Here's quite comprehensive guide on exceptions that I think is a Must Read:
Exceptions and error handling - C++ FAQ or C++ FAQ lite
As a general rule of thumb, throw an exception when your program can identify an external problem that prevents execution. If you receive data from the server and that data is invalid, throw an exception. Out of disk space? Throw an exception. Cosmic rays prevent you from querying the database? Throw an exception. But if you get some invalid data from inside your very own program - don't throw an exception. If your problem comes from your own bad code, it's better to use ASSERTs to guard against it. Exception handling is needed to identify problems that program cannot handle and tell them about the user, because user can handle them. But bugs in your program are not something the user can handle, so program crashing will tell not much less than "Value of answer_to_life_and_universe_and_everything is not 42! This should never happen!!!!11" exception.
Catch an exception where you can do something useful with it, like, display a message box. I prefer to catch an exception once inside a function that somehow handles user input. For example, user presses button "Annihilate all hunams", and inside annihilateAllHunamsClicked() function there's a try...catch block to say "I can't". Even though annihilation of hunamkind is a complex operation that requires calling dozens and dozens of functions, there is only one try...catch, because for a user it's an atomic operation - one button click. Exception checks in every function are redundant and ugly.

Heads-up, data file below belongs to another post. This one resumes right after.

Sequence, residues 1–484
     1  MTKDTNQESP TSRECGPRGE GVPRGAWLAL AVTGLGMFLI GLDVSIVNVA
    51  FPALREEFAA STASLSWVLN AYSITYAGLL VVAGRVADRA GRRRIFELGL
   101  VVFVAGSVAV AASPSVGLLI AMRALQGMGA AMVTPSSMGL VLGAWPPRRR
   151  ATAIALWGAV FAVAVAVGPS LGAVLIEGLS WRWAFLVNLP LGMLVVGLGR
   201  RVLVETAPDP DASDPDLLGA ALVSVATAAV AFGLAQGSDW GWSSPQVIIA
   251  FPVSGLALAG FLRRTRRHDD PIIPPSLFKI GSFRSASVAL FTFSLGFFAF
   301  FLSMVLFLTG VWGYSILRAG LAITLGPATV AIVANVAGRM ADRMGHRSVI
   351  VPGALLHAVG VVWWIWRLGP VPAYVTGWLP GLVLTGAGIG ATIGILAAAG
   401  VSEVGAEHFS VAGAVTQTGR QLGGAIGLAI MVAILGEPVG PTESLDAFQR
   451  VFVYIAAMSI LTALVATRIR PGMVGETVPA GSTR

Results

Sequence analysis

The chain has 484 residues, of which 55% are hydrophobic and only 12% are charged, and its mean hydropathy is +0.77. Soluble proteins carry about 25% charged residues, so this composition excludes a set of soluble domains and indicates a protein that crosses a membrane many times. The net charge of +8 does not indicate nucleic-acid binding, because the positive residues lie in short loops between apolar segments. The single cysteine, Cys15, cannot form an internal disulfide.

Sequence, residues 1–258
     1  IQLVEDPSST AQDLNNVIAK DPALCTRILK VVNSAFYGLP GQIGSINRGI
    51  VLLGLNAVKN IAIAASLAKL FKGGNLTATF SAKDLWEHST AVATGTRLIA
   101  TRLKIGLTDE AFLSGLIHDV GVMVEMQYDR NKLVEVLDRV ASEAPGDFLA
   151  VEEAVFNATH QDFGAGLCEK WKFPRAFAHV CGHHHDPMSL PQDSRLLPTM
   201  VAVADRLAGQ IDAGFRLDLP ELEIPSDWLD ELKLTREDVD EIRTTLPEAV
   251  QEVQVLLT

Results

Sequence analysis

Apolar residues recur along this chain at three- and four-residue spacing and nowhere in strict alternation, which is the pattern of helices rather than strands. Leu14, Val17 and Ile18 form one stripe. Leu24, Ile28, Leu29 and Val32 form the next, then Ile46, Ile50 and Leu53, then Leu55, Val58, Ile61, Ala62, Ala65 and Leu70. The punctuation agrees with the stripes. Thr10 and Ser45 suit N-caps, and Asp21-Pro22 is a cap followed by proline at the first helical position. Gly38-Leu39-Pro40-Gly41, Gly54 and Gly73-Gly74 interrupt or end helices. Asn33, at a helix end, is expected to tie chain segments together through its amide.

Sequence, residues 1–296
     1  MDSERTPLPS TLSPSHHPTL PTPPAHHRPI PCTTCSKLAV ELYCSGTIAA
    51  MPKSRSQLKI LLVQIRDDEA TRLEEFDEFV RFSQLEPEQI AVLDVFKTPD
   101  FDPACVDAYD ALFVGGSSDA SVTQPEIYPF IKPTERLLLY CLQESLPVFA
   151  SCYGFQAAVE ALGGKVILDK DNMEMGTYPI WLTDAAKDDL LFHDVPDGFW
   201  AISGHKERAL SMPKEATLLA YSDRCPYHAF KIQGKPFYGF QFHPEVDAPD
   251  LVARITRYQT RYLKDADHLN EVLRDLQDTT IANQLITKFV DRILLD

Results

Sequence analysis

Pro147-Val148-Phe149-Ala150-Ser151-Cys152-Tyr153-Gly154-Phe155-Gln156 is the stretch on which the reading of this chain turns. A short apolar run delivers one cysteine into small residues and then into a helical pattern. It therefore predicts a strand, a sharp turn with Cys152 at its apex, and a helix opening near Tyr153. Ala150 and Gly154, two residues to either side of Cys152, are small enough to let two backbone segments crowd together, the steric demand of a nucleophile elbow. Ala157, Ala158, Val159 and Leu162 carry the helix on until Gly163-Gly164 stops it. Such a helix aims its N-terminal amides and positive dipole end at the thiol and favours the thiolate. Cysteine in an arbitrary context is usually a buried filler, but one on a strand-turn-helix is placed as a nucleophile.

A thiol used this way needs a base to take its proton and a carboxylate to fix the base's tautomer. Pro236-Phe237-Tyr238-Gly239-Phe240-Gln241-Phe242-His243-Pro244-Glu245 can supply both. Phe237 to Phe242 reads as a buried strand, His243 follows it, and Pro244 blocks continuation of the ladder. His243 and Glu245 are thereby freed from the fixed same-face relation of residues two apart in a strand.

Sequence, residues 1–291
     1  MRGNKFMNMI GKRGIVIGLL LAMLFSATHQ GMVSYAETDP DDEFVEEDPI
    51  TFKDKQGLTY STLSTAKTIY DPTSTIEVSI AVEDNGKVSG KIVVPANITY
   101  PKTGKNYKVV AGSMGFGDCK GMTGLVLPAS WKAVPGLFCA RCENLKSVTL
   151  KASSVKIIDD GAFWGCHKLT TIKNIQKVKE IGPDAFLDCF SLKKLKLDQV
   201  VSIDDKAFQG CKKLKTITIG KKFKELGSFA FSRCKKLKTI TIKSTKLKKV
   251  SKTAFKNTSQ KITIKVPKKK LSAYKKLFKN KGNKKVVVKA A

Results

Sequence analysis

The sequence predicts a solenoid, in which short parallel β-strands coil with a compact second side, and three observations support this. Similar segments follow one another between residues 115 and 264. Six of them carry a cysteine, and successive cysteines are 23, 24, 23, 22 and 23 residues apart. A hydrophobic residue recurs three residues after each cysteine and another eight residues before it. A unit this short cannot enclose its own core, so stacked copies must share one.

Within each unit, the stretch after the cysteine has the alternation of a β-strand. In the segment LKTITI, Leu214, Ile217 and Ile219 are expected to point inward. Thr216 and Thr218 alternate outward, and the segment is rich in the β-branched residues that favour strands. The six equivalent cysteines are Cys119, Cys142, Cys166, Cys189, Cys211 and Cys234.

Also, I can't recommend enough getting familiar with RAII - that is, to make sure that all data that is initialized is destroyed automatically. And that can be achieved by initializing as much as possible on stack, and when you need to initialize something on heap, use some kind of smart pointer. Everything initialized on the stack will be destroyed automatically when an exception is thrown. If you use C-style dumb pointers, you risk memory leak when an exception is thrown, because there is noone to clean them up upon exception (sure, you can use C-style pointers as members of your class, but make sure they are taken care of in destructor).